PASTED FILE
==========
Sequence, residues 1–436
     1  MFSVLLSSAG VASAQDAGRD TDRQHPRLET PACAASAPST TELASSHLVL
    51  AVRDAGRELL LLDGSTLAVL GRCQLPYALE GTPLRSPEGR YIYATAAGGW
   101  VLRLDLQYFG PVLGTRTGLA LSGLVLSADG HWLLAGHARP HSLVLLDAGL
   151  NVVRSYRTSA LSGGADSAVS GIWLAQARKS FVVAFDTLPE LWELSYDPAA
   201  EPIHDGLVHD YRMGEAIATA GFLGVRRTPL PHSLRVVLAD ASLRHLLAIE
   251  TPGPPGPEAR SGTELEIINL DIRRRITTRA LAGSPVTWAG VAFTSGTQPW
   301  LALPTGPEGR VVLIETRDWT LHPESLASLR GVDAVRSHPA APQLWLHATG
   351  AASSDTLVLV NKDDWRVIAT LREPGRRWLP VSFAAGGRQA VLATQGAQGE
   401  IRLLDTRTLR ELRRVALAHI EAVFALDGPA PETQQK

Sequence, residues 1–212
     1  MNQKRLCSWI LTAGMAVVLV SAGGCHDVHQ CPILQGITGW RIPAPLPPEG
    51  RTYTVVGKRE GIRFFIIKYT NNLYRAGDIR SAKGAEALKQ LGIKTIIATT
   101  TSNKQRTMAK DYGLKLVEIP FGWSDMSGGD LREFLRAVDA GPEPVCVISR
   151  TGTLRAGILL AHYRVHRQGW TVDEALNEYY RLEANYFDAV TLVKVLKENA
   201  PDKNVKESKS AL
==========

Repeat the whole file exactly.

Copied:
Sequence, residues 1–436
     1  MFSVLLSSAG VASAQDAGRD TDRQHPRLET PACAASAPST TELASSHLVL
    51  AVRDAGRELL LLDGSTLAVL GRCQLPYALE GTPLRSPEGR YIYATAAGGW
   101  VLRLDLQYFG PVLGTRTGLA LSGLVLSADG HWLLAGHARP HSLVLLDAGL
   151  NVVRSYRTSA LSGGADSAVS GIWLAQARKS FVVAFDTLPE LWELSYDPAA
   201  EPIHDGLVHD YRMGEAIATA GFLGVRRTPL PHSLRVVLAD ASLRHLLAIE
   251  TPGPPGPEAR SGTELEIINL DIRRRITTRA LAGSPVTWAG VAFTSGTQPW
   301  LALPTGPEGR VVLIETRDWT LHPESLASLR GVDAVRSHPA APQLWLHATG
   351  AASSDTLVLV NKDDWRVIAT LREPGRRWLP VSFAAGGRQA VLATQGAQGE
   401  IRLLDTRTLR ELRRVALAHI EAVFALDGPA PETQQK

Sequence, residues 1–212
     1  MNQKRLCSWI LTAGMAVVLV SAGGCHDVHQ CPILQGITGW RIPAPLPPEG
    51  RTYTVVGKRE GIRFFIIKYT NNLYRAGDIR SAKGAEALKQ LGIKTIIATT
   101  TSNKQRTMAK DYGLKLVEIP FGWSDMSGGD LREFLRAVDA GPEPVCVISR
   151  TGTLRAGILL AHYRVHRQGW TVDEALNEYY RLEANYFDAV TLVKVLKENA
   201  PDKNVKESKS AL